Before touching on the other leg of my discussion which is the menace of human trafficking, it will be good to say that Nigeria must upgrade the fight against drug trafficking beyond the media drama of arrests and confiscation of hard drugs at air ports and border posts. The courts are also very lenient with drug offenders, because the laws are too weak. The state of the government agency battling the scourge of drugs needs to be re-examined. 

Is NDLEA professionally administered? What is their scope of funding and operational independence? What is NDLEA doing in the area of rehabilitation?

How many rehab centers do they have and why are they not being read and seen in the media spreading enlightenment to Nigerians, except occasional release of some poorly circulated reports funded by the United Nations? 

Why does NDLEA need to go cap in hand to the Justice ministry to pick up crumbs as yearly budget?

 What is the status of the drugs confiscated and why are these exhibits not publicly burnt after forensic examination by an independent expert to ascertain if the things been burnt are actually the drugs seized?

To the senators who are now showing outward or media passion to tackle the hydra-headed monster of drug abuse and trafficking, what is in the pipeline to consolidate the legal frameworks to combat these crimes? 

Why have the legislators not made a law to subject all aspirants for public offices to regular drug tests by NDLEA? 

Right now, the hierarchy is made up of persons appointed based on nepotism.

Now on the issue of illicit sex, when will the Senate and House of Representatives clamp down on the so-called protocol offices used for procurement of girls/boys for sex?

While we reflect on all the above posers, it is good that the President of the Senate, Dr Abubakar Bukola Saraki, Governor of Edo State, Godwin Obaseki, and other stakeholders, during the Senate Roundtable on Migration and Human Trafficking in Benin City, resolved to take more action to end irregular migration and human trafficking across the country.

The stakeholders include the Minister of Interior, Gen Abduraman Dambazzau (retd), the European Union (EU), United Kingdom, International Organisation on Migration, National Agency for the Prohibition on Trafficking in Persons and civil society organisations.

President of the Senate, in his address, lamented what he called the worrisome dimension the illegal migration and trafficking has assumed, and said that the Senate will collaborate with all relevant stakeholders to tackle the issue.

Saraki said: “Nigeria currently ranks 23 on the Global Slavery Index of 167 countries with the highest number of slaves. Human trafficking is third in the ignoble hierarchy of the commonly occurring crimes in Nigeria, according to UNESCO. We are losing sleep over irregular migration and human trafficking; and we are determined, as representatives of the people, to do something about it.”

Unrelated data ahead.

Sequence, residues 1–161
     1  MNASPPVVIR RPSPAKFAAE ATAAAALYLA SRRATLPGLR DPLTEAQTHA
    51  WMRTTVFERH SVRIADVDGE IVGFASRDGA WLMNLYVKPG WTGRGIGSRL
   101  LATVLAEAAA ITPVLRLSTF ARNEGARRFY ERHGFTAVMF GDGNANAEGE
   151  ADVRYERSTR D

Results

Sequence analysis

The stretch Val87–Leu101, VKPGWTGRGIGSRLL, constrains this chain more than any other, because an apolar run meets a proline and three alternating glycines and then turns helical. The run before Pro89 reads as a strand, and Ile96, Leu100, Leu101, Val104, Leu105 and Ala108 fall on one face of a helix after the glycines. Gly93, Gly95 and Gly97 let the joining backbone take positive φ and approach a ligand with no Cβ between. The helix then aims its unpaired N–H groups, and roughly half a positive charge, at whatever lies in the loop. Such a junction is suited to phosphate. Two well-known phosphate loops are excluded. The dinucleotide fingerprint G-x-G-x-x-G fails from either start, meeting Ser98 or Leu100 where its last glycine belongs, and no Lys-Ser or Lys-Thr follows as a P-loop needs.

He regretted that Nigeria has lost too many young people - who have died in the desert and in the sea - on the unpredictable treks who otherwise would have led productive lives in their home country.

“We have seen the bleak images of coffins of 26 Nigerian girls who were laid to rest in Italy last November. This is what brings us today to ancient Benin. The trafficking of young males has overtaken females in this state for the first time, and now stands at 63 per cent.”

He stated that it is the expectation of the leadership of the Senate that the roundtable would serve as a springboard for efforts to stem the tide of illegal migration and human trafficking.

“Clearly, something is wrong in the way we manage citizens’ security, border security as well as international cooperation and collaboration. This Roundtable is designed to help answer some of the niggling questions; to identify root causes and the various dimensions of the problem, and work out a way forward.”

The EU Ambassador to Nigeria and Deputy High Commissioner of Britain, pledged to support efforts of relevant stakeholders aimed at eradicating the menace.

“It is wonderful to see democracy in action, with this lively discussion here. Many European countries can learn from this”, said Kettil Karisen, the EU Ambassador to Nigeria, during the panel discussion of the subject.

In all of these, the legislators must make good laws and provide oversight so all the laws meant to promote good governance and block leakages through which public fund are stolen must be pursued vigorously. 

If we speak from morning till thy kingdom come, if we don’t implement laws to promote good governance, we are simply beating about the bush. 

Generations unborn will be eternally grateful, if these senators and representatives walk their talks and do much more than they are saying.

•RIGHTSVIEW appears on Wednesdays and Saturdays, in addition to special appearances. The Columnist, a popular activist, is a former Federal Commissioner of Nigeria’s National Human Rights Commission and presently National Coordinator of Human Rights Writers’ Association of Nigeria (HURIWA). He can be reached via 08033327672 (sms only) or via

Source News Express

Posted 10/03/2018 3:14:12 PM